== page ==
After the Break-Up: Making Sense of What Happened
Understanding the barriers that led to your estrangement and disconnection.
Posted May 26, 2015
Whenever someone breaks up with you, especially when it happens suddenly or unexpectedly, it’s normal to ask “why?” and try to make sense of what happened.
This week, I received an inquiry from a reader who is mystified by a sudden break-up. She describes the relationship and how they broke up, revealing some clues as to what tore them apart.
I’ve been in a relationship with someone who is really special. We’ve been seeing each other for several months, falling deeply in love, and really enjoying each other. The only big problem we’ve had is that he prides himself on being totally open and honest with me and he wants me to be completely honest and openly share everything about my past relationships. I resist, trying to guard my privacy, but he badgers me, telling me I don’t love him as much as he loves me. But then when I do open up, he gets upset. He’s either mad because I “didn’t tell him before now” or jealous and insecure because I’m still friends with some of these guys, or he’s judging me for past mistakes. Now he’s telling me I need to confess an affair to the former wife of a friend, because I had sex with him just before their divorce was final. Those two now have a great relationship, sharing custody of their daughter. I don’t want to wreck that. This happened years ago and I’ve never even met her!! He’s breaking up with me over this. What do I do? (He’s also often joked about breaking up with me before I can break up with him.) -- Wondering Why
Dear Wondering Why,
What you describe as “the only big problem” is actually a set of barriers, which allowed him to keep his distance and feel totally justified in breaking up with you—before you broke up with him. People put up barriers when they are reluctant to truly invest in an intimate relationship, perhaps because they are insecure about their own lovability, and/or afraid of closeness, commitment, abandonment, and/or conflict. As you read through this list, also ask yourself how you might have been complicit in erecting or submitting to these barriers.
Barrier #1: A lack of psychological boundaries. This means he doesn’t know where he ends and you begin. His push to be “totally open and honest” with no filters or any regard to privacy or consequences is a red flag for enmeshment. When you are enmeshed with another person, your differences are intolerable, rather than respected. Enmeshment is a barrier to intimacy and authenticity.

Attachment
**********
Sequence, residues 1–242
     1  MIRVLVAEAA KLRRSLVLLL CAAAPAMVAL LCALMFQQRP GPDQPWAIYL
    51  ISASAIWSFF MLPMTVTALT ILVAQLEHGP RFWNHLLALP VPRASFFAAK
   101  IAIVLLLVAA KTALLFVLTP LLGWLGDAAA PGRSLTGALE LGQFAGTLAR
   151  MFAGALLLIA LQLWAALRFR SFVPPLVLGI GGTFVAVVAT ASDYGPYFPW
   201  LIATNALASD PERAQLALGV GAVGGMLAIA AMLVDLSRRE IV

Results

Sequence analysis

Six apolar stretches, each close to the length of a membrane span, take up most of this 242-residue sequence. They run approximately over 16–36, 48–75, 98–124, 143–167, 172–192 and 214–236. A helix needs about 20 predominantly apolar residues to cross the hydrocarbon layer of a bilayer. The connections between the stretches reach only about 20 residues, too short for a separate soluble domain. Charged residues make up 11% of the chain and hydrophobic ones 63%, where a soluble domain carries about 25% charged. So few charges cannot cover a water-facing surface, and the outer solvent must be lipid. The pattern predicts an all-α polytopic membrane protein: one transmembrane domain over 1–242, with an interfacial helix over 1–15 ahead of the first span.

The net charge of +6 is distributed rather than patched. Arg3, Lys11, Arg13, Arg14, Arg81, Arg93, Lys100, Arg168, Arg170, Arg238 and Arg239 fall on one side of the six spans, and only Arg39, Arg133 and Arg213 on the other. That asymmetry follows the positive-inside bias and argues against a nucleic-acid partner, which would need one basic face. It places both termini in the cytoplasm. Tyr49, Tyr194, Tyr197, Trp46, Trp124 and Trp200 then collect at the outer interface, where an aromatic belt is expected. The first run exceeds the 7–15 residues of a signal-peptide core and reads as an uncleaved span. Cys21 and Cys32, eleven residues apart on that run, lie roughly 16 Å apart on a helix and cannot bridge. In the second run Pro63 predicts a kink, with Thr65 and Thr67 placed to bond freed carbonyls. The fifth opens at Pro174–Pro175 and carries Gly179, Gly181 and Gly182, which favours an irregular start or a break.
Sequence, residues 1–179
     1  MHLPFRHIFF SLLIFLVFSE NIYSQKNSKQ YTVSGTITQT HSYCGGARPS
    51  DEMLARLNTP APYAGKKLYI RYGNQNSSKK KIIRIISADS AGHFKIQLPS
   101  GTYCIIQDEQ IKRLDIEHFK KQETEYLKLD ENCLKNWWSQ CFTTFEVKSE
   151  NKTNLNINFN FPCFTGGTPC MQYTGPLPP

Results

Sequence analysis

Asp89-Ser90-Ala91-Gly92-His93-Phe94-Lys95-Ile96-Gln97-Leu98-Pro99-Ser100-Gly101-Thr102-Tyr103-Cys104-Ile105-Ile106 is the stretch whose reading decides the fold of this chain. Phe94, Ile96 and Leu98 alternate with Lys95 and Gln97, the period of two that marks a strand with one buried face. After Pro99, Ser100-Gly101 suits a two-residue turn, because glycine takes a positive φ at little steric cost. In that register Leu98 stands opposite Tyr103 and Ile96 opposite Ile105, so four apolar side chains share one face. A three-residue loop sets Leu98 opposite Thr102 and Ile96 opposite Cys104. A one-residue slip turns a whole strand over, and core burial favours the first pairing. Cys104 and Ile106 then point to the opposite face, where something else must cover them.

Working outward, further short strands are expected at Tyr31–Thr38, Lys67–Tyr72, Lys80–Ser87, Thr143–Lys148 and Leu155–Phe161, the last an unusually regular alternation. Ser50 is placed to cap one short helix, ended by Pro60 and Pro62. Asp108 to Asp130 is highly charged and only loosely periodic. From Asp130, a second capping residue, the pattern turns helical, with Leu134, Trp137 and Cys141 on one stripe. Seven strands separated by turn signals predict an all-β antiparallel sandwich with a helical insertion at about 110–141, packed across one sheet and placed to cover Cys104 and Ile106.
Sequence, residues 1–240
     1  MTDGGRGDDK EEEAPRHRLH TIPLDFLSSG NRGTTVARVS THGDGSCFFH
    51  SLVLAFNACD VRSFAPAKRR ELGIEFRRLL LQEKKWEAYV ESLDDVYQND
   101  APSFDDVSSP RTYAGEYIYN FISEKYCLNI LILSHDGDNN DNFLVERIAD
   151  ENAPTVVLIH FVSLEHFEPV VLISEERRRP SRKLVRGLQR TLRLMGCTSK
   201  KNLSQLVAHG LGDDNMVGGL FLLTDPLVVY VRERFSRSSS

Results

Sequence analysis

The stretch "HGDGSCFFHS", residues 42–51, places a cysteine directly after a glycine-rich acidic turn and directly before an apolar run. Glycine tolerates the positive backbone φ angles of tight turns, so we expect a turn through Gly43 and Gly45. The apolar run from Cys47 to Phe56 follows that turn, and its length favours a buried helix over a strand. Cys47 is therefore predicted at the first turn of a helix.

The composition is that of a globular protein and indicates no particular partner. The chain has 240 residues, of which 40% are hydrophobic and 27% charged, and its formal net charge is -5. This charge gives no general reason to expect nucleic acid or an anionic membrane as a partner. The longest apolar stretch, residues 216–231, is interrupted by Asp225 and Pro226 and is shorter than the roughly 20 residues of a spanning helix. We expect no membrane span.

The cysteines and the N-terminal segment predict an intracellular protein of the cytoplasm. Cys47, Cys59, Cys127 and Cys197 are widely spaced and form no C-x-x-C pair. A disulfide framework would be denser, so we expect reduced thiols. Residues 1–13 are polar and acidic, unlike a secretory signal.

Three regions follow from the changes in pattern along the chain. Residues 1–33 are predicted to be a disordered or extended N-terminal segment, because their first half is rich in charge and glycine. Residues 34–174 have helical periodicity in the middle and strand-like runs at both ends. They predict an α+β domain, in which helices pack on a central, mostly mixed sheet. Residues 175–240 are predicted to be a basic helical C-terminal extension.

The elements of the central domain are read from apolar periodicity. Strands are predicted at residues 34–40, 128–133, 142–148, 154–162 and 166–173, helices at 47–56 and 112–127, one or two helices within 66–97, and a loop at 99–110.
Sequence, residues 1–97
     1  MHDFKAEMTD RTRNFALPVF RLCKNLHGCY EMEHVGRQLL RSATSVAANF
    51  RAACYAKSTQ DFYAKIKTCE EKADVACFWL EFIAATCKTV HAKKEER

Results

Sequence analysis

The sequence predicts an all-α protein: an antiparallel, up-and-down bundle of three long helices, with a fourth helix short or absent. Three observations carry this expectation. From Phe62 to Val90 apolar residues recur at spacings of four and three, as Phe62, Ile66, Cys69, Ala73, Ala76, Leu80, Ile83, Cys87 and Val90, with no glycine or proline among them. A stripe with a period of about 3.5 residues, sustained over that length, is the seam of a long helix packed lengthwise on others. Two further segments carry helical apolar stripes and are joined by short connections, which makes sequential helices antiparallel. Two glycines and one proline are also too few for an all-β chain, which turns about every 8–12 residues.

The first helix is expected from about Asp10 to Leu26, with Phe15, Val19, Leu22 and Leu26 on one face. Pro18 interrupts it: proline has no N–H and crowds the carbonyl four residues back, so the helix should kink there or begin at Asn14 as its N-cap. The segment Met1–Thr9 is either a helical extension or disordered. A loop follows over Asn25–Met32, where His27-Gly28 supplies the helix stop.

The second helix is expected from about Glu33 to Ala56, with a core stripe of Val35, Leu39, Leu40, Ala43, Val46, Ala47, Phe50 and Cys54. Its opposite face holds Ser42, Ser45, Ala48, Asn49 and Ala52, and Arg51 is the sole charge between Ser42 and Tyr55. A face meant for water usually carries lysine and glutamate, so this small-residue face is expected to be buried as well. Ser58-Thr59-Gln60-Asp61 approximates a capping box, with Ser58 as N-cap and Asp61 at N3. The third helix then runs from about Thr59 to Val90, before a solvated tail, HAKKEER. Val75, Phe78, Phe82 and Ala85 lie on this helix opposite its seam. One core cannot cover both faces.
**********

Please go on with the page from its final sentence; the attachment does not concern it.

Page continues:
Barrier #2: Unable to tolerate privacy. True intimacy is sharing what you want to share when you feel comfortable sharing it, not having it dragged out of you. It’s normal, natural, and healthy to want to keep parts of yourself and your experiences private. A healthy relationship makes room for personal privacy.
Barrier #3: Discouraging honesty. By asking you to trust, open up, and share deeply, he implicitly promised to be open, understanding, and nonjudgmental, all of which would build intimacy. But when he responded with anger, jealousy, disgust, or disapproval, he broke that promise, violating your trust, and destroying intimacy. And when he asked difficult questions but was unable to tolerate difficult answers, he was actually encouraging dishonesty, not honesty.
Barrier #4: Holding impossibly high standards. Part of personal growth is making mistakes and learning from them. Expecting you to be perfect—especially in your past—is not a realistic or loving expectation. And perhaps he wasn’t trying to get to know you better as much as he was trying to prove he’s better than you, which was a way of creating distance and disconnection.
Barrier #5: Intolerant of disagreement. When two people are enmeshed, differences become intolerable because there is no room for different viewpoints. He thinks confessing an affair is right; you know it’s wrong. But it’s his way or the highway. (In your case, I agree that silence is golden. For more on this judgment call, see my next post.)
Barrier #6: Controlling. Coercing you into sharing private matters; insisting you handle your life his way; feeling jealous of past relationships—these were all ways of controlling you. Being controlling is another hallmark of enmeshment, and also demonstrates a lack of respect for your values, judgment, and insights.
Someone who is insecure and/or fearful of intimacy can, at first, present as honest, open, and loving. But when you look back, can you see that his behavior created distance, disconnection, and an easy out for himself?
Furthermore, by “discovering” that you were not good enough for him, he protected himself from his stated fears that you didn’t love him sufficiently and were certain to break up with him. He essentially made sure he broke up with you first.
Now that you know how he operates, your next step is to reflect on how you operate, including your willingness to be in this relationship, your contribution to it, and the lessons you can learn.